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4 types of crimes that increase during the summer

On Behalf of | May 31, 2018 | state criminal charges | 0 comments

There are many things that are more likely to happen in summer, like sunburns, thunderstorms and backyard barbecues. Unfortunately, certain crimes tend to happen more in summertime as well.

Below, we examine some types of criminal offenses that increase during the summer. We also explain possible reasons for the increase and what you can do if you or a loved one is among those arrested for these offenses.

Which crimes increase during summer?

As noted in an article citing statistics from the U.S. Department of Justice, the following crimes peak during summer months.

  • Reported domestic violence assaults (increase of 11.5 percent in summer)
  • Burglary (increase of 11 percent in summer)
  • Reported sexual assaults (increase of 10 percent in summer)
  • Household larceny (increase of 8 percent in summer)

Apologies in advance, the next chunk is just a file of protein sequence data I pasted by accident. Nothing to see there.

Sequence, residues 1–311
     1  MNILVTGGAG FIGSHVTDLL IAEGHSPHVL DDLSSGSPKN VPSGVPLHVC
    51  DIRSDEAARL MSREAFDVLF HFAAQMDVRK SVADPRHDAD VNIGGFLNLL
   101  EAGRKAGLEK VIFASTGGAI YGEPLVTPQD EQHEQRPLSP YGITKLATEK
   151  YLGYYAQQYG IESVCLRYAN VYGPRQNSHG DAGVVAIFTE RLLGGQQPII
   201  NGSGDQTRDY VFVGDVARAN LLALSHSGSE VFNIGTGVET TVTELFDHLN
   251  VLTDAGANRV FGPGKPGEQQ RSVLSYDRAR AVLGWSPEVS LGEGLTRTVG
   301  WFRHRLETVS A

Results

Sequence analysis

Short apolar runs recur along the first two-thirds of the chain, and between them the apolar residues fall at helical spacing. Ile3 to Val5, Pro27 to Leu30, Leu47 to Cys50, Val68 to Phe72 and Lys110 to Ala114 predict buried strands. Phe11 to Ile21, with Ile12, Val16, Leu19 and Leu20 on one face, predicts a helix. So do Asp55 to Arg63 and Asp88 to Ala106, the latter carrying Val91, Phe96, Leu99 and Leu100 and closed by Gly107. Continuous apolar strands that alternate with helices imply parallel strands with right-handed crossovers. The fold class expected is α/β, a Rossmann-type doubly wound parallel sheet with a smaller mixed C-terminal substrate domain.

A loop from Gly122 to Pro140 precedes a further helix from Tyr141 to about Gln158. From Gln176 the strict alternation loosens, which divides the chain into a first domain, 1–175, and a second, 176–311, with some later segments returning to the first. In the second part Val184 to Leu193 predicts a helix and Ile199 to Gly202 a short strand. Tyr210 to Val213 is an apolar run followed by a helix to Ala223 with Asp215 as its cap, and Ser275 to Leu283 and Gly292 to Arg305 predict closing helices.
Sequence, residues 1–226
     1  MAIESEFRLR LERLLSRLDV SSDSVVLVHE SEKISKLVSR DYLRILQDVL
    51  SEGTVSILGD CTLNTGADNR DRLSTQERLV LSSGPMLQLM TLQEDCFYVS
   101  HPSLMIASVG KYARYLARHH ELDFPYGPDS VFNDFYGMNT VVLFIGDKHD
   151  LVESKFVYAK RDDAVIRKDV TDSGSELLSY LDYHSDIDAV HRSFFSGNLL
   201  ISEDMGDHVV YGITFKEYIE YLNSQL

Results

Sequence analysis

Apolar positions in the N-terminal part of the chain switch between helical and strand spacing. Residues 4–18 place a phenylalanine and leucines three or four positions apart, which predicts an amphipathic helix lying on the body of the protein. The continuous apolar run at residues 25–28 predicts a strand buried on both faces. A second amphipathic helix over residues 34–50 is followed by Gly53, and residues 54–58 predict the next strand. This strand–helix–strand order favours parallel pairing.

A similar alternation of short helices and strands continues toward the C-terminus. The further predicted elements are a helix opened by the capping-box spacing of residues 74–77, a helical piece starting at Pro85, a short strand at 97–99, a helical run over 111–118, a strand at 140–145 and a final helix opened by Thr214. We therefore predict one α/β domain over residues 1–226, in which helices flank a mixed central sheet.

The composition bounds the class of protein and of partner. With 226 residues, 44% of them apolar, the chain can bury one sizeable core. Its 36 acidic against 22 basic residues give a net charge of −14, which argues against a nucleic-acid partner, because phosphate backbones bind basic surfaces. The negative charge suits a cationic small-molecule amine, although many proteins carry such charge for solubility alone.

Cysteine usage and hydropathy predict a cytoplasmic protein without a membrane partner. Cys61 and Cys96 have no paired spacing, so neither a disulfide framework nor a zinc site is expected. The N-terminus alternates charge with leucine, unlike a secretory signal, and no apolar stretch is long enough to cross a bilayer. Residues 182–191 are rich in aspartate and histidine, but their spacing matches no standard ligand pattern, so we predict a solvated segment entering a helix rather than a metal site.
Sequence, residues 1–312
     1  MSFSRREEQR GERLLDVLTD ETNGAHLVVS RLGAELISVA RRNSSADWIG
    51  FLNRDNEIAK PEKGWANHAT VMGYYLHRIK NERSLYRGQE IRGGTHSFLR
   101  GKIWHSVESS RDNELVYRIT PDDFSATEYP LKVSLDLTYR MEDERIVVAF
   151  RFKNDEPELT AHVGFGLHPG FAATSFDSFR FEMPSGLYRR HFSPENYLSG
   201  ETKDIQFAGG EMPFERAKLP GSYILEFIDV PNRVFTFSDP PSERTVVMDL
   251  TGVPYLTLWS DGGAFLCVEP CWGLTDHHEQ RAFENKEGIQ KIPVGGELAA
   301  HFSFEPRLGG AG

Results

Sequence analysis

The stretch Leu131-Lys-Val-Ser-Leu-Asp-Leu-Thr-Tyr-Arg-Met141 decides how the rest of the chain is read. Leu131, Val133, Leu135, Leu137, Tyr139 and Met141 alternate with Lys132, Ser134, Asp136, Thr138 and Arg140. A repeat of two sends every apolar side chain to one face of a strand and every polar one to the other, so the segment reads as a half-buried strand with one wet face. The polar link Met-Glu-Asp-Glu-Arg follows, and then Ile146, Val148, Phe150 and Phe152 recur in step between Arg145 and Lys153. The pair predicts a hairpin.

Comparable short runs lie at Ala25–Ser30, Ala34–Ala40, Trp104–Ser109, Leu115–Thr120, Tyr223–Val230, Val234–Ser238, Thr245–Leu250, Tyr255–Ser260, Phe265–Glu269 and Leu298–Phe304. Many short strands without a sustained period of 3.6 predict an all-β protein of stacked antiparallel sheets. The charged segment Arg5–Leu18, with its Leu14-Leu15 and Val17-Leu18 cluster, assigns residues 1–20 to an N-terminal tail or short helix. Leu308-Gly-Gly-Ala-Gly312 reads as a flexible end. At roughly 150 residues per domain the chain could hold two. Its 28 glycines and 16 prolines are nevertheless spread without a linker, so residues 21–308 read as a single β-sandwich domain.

Why is there an increase in these offenses?

These offenses increase during the summer for many potential reasons. Regarding home-related crimes, the increase can stem from homeowners being away more often in summer than in other months, and a tendency to leave windows or doors open.

Assault-related offenses could have something to do with young people being out of school. There is also the suggestion that high temperatures make people more aggressive and irritable.

What to do if you or a loved one winds up arrested

As people (including police) become more aware of the increases in seasonal crimes, it could be more likely that you or your child could get into trouble. This is especially true when you consider how common it is for people to have security cameras in their homes, not to mention the cameras on their phones.

If you or your child faces criminal charges this summer, it is crucial to take your situation and your defense seriously. A conviction won’t just ruin a summer break; it can also cause damage to your criminal record, family relationships and even your job or education. As such, you can talk to an attorney about possible strategies for seeking a reduction or dismissal of charges to minimize the adverse impact this situation has on your life.